“The Romanovs were the most successful dynasty of modern times, ruling a sixth of the world’s surface for three centuries. How did one family turn a war-ruined principality into the world’s greatest empire? And how did they lose it all?
“This is the intimate story of twenty tsars and tsarinas, some touched by genius, some by madness, but all inspired by holy autocracy and imperial ambition. Simon Sebag Montefiore’s gripping chronicle reveals their secret world of unlimited power and ruthless empire-building, overshadowed by palace conspiracy, family rivalries, sexual decadence and wild extravagance, with a global cast of adventurers, courtesans, revolutionaries and poets, from Ivan the Terrible to Tolstoy and Pushkin, to Bismarck, Lincoln, Queen Victoria and Lenin.
“To rule Russia was both imperial-sacred mission and poisoned chalice: six of the last twelve tsars were murdered. Peter the Great tortured his own son to death while making Russia an empire, and dominated his court with a dining club notable for compulsory drunkenness, naked dwarfs and fancy dress. Catherine the Great overthrew her own husband (who was murdered soon afterward), enjoyed affairs with a series of young male favorites, conquered Ukraine and fascinated Europe. Paul I was strangled by courtiers backed by his own son, Alexander I, who in turn faced Napoleon’s invasion and the burning of Moscow, then went on to take Paris. Alexander II liberated the serfs, survived five assassination attempts and wrote perhaps the most explicit love letters ever composed by a ruler. The Romanovs climaxes with a fresh, unforgettable portrayal of Nicholas II and Alexandra, the rise and murder of Rasputin, war and revolution—and the harrowing massacre of the entire family.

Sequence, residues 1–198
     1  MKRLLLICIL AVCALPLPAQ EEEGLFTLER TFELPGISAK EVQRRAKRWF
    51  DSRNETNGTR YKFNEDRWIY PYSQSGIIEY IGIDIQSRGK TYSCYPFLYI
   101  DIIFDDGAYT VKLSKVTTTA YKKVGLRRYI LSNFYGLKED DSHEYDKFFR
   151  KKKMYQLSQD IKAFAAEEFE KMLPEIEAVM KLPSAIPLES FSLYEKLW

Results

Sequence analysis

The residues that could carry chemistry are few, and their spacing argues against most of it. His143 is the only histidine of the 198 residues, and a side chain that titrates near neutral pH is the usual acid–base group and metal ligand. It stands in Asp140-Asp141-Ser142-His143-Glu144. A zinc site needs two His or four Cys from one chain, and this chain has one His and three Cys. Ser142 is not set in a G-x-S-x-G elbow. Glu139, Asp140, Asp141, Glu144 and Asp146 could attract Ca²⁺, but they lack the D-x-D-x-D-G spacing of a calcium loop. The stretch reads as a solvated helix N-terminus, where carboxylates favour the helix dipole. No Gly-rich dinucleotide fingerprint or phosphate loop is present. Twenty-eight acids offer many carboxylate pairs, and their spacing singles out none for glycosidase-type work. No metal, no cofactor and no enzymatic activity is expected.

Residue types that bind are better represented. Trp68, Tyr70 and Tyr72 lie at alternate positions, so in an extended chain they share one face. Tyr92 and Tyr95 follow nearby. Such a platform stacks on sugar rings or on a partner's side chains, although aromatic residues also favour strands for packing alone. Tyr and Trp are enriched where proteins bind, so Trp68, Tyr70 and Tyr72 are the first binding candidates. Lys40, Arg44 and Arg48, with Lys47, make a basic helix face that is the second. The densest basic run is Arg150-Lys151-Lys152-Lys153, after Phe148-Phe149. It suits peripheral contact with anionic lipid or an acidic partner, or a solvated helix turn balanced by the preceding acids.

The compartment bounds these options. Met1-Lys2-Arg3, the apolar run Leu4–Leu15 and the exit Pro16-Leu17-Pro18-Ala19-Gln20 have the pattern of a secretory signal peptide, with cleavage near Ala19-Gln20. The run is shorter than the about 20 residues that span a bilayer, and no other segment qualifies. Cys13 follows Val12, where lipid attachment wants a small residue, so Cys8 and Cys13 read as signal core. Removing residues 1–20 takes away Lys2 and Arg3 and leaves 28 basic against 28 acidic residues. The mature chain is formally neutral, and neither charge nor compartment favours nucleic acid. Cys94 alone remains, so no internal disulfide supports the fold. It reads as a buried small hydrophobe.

“Dazzlingly entertaining and beautifully written from start to finish, The Romanovs brings these monarchs—male and female, great and flawed, their families and courts—blazingly to life. Drawing on new archival research, Montefiore delivers an enthralling epic of triumph and tragedy, love and murder, encompassing the seminal years 1812, 1914 and 1917, that is both a universal study of power and a portrait of empire that helps define Russia today.”
The watch is by Alexander Shorokhoff, a Russian watchmaker who works in Germany. He’s known for his witty yet sophisticated designs. This model has a mechanical alarm—which is super useful on Shabbat—and the face of the watch swings upward on a hinge and sits on the night table like a desk clock.